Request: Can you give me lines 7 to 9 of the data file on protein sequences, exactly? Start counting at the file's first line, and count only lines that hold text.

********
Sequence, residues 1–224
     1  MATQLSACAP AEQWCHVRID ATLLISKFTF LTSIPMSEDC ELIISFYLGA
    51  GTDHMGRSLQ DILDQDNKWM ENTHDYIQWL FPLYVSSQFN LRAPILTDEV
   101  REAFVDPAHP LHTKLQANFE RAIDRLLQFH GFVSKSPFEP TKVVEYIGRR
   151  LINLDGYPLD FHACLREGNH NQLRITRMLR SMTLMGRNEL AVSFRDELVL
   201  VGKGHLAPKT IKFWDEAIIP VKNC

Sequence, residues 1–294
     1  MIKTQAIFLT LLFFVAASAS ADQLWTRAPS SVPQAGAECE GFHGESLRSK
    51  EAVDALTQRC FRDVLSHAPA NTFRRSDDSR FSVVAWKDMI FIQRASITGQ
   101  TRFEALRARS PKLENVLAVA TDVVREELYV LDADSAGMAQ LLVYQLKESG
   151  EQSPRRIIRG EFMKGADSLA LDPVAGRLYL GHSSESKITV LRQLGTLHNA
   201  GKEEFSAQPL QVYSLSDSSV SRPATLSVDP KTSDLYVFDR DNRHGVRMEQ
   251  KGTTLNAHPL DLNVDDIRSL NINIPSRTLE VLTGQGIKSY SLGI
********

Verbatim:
Sequence, residues 1–294
     1  MIKTQAIFLT LLFFVAASAS ADQLWTRAPS SVPQAGAECE GFHGESLRSK
    51  EAVDALTQRC FRDVLSHAPA NTFRRSDDSR FSVVAWKDMI FIQRASITGQ